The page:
Commercial Division Blog

Posted: February 4, 2022 / Written by: Jeffrey M. Eilender, Samuel L. Butt, Christopher R. Dyess, Joshua Wurtzel, Hillary S. Zilz / Categories Discovery/Disclosure, NYLJ Eastern District Roundup

Plaintiff Need Not Turn Over Personal Devices for Forensic Imaging in Discovery

On January 11, 2022, Justice Margaret Chan of the New York County Commercial Division issued a decision in Ferreira v. Hudson River Healthcare, Inc., 2022 N.Y. Slip Op. 30084(U), holding that the defendant in an illegal-wage-practices cases was not entitled to disclosure of the plaintiff's smart phones and tablets for forensic imaging, nonpublic social media activity, and diaries, but that the defendant was entitled to the plaintiff's calendar and appointment books, explaining:

Next, defendant seeks access to plaintiff's smart phones and tablets for forensic imaging. This portion of defendant's motion is denied as it has "failed to show that the request was reasonably calculated to yield information material and necessary to its defense" (see e.g. Evans v Roman, 172 AD3d 501, 502, 100 N.Y.S.3d 26 [1st Dept 2019]; Pecile v Titan Cap. Grp., LLC, 113 AD3d 526, 526, 979 N.Y.S.2d 303 [1st Dept 2014]; see also AllianceBernstein L.P. v Atha, 100 AD3d 499, 500, 954 N.Y.S.2d 44 [1st Dept 2012] [noting that providing a smart phone "would disclose irrelevant information that might [*8] include privileged communications or confidential information"]).

Next, the portion of defendant's motion to compel production of plaintiff's social media activity during the period she claims she worked uncompensated hours is denied at this time with leave to renew after the completion of other discovery and depositions. To access plaintiff's social media accounts, defendant must lay the factual predicate to demonstrate that its requests are reasonably calculated to yield material and necessary information, which defendant has so far failed to do having only offered speculative and generalized assertions that the information might contradict plaintiff's claims (Tapp v New York State Urb. Dev. Corp., 102 AD3d 620, 620, 958 N.Y.S.2d 392 [1st Dept 2013]; Pecile, 113 AD3d at 527; see also Fawcett v Altieri, 38 Misc 3d 1022, 1025, 960 N.Y.S.2d 592 [Sup Ct, NY County 2013] [denying discovery of social media information, at least prior to depositions, where it was likely that the information obtained would not be relevant to the case]). Nonetheless, the portion of defendant's motion to compel plaintiff to identify her social media accounts so that defendant may view the public portions thereof is granted.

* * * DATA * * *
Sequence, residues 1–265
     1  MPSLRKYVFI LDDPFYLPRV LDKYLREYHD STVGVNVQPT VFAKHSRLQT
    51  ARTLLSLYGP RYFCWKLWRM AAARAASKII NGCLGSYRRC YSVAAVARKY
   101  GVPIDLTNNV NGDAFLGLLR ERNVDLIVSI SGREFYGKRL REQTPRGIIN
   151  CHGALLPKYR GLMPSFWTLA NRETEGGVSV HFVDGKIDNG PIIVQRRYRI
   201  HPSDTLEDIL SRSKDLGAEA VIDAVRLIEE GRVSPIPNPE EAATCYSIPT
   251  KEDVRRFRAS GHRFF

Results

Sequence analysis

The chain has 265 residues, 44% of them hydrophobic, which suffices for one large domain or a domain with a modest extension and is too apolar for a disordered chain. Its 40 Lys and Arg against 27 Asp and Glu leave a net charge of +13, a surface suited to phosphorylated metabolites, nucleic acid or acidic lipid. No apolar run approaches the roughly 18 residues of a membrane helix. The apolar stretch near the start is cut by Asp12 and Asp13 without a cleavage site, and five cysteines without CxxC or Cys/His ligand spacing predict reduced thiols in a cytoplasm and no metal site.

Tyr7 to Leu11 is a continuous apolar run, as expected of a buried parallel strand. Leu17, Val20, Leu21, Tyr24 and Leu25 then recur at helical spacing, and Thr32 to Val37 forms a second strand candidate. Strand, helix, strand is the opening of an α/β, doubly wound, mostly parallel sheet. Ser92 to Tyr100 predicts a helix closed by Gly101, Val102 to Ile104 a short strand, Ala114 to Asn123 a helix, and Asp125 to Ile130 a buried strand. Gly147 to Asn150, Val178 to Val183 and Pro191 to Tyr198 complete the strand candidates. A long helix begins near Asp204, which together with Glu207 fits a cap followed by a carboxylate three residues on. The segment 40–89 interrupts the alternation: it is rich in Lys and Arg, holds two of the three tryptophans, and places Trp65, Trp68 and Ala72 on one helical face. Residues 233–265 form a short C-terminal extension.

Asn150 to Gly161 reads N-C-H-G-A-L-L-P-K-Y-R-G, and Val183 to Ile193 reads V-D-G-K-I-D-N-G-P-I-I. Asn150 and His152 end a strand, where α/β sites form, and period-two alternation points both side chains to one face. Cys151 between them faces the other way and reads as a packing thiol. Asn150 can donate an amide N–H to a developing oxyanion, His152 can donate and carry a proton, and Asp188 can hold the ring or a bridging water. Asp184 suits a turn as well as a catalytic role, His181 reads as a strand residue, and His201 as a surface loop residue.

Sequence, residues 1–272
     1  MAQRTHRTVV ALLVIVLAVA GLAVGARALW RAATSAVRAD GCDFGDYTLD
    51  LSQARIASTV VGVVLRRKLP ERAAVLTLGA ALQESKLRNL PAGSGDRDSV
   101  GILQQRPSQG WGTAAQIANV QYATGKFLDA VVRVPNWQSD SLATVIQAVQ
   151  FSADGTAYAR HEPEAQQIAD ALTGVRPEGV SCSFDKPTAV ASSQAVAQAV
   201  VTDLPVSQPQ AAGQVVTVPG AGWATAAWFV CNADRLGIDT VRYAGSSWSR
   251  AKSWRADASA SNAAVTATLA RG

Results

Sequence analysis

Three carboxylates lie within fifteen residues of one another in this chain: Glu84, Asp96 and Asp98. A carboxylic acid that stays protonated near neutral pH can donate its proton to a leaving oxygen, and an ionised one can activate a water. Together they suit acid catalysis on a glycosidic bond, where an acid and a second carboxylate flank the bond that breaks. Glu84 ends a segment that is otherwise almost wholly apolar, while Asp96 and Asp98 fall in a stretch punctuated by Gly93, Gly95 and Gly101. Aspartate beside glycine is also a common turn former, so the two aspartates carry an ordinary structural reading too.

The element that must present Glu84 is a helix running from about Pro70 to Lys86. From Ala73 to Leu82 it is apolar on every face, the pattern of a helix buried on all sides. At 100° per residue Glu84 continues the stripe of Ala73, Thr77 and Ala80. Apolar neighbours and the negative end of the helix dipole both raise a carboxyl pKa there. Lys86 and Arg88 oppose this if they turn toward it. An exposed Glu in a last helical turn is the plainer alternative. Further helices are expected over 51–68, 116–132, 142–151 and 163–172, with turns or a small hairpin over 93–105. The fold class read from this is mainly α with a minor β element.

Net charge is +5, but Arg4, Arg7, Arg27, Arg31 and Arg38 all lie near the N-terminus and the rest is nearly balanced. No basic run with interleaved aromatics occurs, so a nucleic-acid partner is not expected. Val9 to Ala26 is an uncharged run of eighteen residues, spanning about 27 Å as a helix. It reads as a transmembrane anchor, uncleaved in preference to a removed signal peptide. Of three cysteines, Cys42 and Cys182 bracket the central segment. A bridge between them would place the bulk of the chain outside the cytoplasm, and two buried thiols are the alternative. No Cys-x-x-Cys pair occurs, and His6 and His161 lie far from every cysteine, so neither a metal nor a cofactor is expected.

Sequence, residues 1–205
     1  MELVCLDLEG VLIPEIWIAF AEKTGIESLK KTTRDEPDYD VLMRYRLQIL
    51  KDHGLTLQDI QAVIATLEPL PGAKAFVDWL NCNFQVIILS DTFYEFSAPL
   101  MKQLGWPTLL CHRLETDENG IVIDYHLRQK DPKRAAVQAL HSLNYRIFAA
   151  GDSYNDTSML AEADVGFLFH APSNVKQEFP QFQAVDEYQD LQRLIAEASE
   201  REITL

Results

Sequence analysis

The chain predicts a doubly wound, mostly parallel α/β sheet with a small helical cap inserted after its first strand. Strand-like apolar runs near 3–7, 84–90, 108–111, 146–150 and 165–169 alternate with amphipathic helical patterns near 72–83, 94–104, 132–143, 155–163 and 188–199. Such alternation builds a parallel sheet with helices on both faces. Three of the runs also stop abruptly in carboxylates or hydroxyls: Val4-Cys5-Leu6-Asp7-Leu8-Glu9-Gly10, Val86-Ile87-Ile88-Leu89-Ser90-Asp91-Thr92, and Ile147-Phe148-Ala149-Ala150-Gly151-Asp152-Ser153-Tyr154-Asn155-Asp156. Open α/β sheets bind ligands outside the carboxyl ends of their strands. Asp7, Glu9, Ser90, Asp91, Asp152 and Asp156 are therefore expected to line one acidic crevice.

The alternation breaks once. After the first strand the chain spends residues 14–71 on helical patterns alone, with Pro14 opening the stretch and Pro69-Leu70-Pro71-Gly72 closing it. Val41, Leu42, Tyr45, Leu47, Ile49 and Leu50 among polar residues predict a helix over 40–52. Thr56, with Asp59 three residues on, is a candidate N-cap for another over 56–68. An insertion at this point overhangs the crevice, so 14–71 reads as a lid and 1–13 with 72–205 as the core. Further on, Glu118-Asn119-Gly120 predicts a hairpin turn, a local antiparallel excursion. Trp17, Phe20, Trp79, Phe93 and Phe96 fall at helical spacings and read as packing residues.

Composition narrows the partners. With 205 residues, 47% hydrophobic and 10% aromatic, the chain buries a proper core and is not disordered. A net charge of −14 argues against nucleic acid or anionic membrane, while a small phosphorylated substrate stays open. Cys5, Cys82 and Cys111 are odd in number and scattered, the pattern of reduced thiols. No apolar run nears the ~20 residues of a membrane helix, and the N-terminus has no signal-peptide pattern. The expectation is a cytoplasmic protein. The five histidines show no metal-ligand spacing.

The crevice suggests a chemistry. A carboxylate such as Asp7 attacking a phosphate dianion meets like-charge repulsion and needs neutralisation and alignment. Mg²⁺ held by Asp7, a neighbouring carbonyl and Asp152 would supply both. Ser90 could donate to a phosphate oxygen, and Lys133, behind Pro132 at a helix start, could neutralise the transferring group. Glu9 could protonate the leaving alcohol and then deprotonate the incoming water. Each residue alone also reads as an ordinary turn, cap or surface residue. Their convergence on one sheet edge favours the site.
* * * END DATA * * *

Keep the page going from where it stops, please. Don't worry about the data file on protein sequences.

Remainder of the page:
In a similar vein, the portion of defendant's motion to compel production of plaintiff's diaries is denied (Lopez v Bendell, No. 156292/2017, 2021 N.Y. Misc. LEXIS 880, 2021 WL 826394, at *4 [Sup Ct, NY County 2021] [rejecting discovery of personal diary entries as "overbroad and burdensome"]), [*9] with leave to renew after the completion of other discovery and depositions.

The portion of defendant's motion that seeks access to plaintiff's calendar and appointment books used or maintained during the time she claims she worked [**5] uncompensated hours is granted (see e.g. Lazan v Bellin, 95 A.D.2d 751, 464 N.Y.S.2d 191 [1st Dept 1983]). This demand is reasonably calculated to produce relevant evidence.

Whether a discovery demand is overbroad will turn on the specific facts of the case and the allegations and defenses in the pleadings. Contact the Commercial Division Blog Committee at commercialdivisionblog@schlamstone.com if you or a client have questions concerning a motion to compel in the Commercial Division.